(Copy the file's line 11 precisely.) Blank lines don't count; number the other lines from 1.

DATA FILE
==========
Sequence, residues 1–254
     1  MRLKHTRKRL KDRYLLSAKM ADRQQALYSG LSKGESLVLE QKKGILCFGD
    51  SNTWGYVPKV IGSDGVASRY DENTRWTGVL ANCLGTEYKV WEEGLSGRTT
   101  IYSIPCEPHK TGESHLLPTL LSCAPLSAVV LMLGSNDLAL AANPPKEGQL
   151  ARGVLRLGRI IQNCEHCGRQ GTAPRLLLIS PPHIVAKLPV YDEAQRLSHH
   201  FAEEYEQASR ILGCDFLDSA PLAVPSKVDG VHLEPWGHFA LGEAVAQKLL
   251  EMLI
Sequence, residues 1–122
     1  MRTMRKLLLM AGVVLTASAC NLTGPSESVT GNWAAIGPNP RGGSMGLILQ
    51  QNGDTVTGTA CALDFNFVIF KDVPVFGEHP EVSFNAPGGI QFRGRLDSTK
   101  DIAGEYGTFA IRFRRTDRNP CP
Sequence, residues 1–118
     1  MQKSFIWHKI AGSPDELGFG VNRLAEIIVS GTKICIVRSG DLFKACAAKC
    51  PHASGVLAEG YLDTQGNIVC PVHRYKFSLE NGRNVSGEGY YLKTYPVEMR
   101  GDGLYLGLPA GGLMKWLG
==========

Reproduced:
   101  DIAGEYGTFA IRFRRTDRNP CP